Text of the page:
Asia wealth managers beware: the robot revolution is entering its next phase.
Over the past two years the region’s wealth management industry has witnessed the advent of the robo-adviser, which uses computer algorithms to provide financial advice to end investors for a fraction of the cost of advice provided by a human being. That was followed by the bionic adviser, which combines algorithms and a human touch to build investment portfolios.
Now the region’s wealth industry is bracing itself for the rise of the robo fund selector, or companies that use automated tools to select the best funds for private banks and family offices to distribute.
Swiss start-up iFundServices provides what appears to be the first robo-fund selector in the Asian market. Chief investment officer Mathias Weber was in Hong Kong and Singapore in August to market the company’s ware to clients.
He told AsianInvestor that its product, called Digital-Advisor, automates fund selection based on quantitative and qualitative factors. It uses its database of 2,000 actively managed and liquid alternatives funds and 1,000 passive funds to automatically score funds based on indicators such as performance, company profile, or manager quality. Weber boasted the company could even select funds based on a bank’s investment views.
The tool could perform the role of a fund selector, only do it faster and cheaper. Weber said fund selectors react to the product in two ways: they either worry they will be replaced; or see it as a tool to enhance their selection process.
Economies of scale
The impact of robo fund selectors might particularly interest some of the biggest private banks in Asia, including Credit Suisse, Citi and UBS. These banks employ decent-sized fund selection teams in the region, which decide what products are included in their funds platform. In contrast, mid-sized private banks typically centralise fund screening and selection in their headquarters in Europe or US.
Citi and Credit Suisse seem reluctant to discuss the potential impact of robo fund selectors on their operations. They declined to comment about the subject. However UBS, the largest global private bank, was willing to talk.
James Fava, head of product development & management funds in APAC at UBS Wealth Management, told AsianInvestor that its approach to fund selection couldn’t be replicated by robots.
“Our approach is very qualitative. There’s a lot of emphasis on meeting the managers, getting a feeling for the way they manage money and getting the information systematically. We take views on the meeting we have and on the information we gather. It is still very much qualitative at heart,” he explained.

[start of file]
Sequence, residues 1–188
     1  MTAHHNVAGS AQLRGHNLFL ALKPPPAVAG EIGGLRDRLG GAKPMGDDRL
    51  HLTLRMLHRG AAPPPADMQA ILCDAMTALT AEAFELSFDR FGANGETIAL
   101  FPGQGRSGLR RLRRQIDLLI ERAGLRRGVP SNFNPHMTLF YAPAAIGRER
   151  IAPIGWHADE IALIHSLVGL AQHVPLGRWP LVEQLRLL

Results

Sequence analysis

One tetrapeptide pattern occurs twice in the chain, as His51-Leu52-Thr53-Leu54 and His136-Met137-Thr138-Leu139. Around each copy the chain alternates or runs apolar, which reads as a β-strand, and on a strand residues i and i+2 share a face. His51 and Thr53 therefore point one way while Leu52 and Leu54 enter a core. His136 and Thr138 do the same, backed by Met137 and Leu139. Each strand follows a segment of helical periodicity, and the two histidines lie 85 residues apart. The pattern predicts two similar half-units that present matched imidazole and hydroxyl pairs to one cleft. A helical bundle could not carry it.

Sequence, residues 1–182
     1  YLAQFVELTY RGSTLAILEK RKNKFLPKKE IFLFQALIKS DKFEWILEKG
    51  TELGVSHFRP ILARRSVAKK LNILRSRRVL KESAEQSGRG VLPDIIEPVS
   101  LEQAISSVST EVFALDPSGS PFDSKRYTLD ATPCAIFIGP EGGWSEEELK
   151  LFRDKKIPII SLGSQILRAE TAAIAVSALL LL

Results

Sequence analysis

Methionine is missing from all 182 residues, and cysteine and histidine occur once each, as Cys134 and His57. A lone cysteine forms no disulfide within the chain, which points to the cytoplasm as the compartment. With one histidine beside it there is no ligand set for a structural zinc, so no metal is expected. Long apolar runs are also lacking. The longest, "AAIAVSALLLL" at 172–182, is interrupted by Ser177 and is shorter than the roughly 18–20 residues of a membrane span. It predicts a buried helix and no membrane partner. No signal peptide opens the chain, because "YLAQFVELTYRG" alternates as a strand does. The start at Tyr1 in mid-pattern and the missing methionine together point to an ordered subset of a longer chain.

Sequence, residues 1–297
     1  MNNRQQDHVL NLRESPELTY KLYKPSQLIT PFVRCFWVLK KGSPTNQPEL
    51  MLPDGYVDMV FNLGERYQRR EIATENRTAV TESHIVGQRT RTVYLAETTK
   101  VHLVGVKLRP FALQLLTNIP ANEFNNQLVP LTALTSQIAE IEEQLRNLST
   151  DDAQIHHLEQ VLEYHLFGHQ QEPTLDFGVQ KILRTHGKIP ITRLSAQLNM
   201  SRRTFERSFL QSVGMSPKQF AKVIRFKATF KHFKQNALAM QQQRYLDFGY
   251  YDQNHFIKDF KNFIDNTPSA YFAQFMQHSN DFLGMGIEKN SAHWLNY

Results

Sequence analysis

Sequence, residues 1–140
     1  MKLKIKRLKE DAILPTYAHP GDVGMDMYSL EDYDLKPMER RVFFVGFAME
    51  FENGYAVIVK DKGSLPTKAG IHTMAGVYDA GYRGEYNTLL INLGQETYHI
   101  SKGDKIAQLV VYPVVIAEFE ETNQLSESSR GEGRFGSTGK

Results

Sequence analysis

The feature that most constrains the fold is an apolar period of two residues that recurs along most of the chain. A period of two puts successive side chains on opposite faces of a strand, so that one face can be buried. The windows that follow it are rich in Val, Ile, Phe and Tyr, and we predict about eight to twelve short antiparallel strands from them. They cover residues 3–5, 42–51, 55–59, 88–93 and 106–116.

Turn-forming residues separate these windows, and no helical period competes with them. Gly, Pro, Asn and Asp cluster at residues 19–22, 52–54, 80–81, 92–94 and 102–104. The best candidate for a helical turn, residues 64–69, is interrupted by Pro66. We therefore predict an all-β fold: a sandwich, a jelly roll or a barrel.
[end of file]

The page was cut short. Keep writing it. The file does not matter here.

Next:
UBS’s Asia fund selection team is comprised of five people based in Singapore and Hong Kong, who are supplemented by fund selectors in local markets such as Taiwan, Japan and China. The team also works closely with the fund selection team in Zurich. As a result, it has the advantage of economies of scale compared to most other institutions.
Smaller banks or family offices that lack the Swiss bank giants’ resources to screen, analyse and select funds for distribution may find robo fund selectors to be more appealing. Even Fava admits there could some benefits by automating some of the fund selection process.
“Every institution needs to think through what the value-add [offered by a robo fund selector] is to their business.”
Smaller player selection
One big potential limitation for robo-fund selectors? Their qualitative analysis processes.
By their very algorithm-based nature, robo fund selectors are very good at assessing the historical performance of funds based upon certain data sets, which is a quantitative process. But it’s likely that some robo fund selectors will want to add their own intuition and views about fund managers, strategies and potential market conditions into their fund choice. These are qualitative factors.
Jimmy Ng, director of investments at boutique private bank Bordier & Cie, said automated fund selection rests on the assumption that due diligence places a higher weighting on quantitative rather than qualitative due diligence. He noted that this type of portal would likely be embraced by users who want a quick and easy way to fund selection based on past performance.
Consulting firm Mercer, which provides fund research and best-of-breed fund selection to wealth management firms, is sceptical about robo-fund selectors claiming to provide a qualitative approach to fund selection. It noted that robots lack the ability effectively make judgements, which is essential to a qualitative approach.
“The ideal qualitative analysis is done through face-to-face meetings with fund managers and correlate the information we get,” said Steven Seow, head of wealth management practice for Asia at Mercer.
Mercer’s fund ratings use the four-factor framework, comprising idea generation, portfolio construction, implementation and business management.
“We pick a manager who is better than others in the same peer group,” said Seow. “I don’t think this can be automated.”
Asia’s robots may be rising, but their ability to offer more than quantitative services appears limited. The industry may be evolving fast, but the place of humans remains secure – for now at least.
Look out for part two of this AsianInvestor October magazine feature article in the coming days.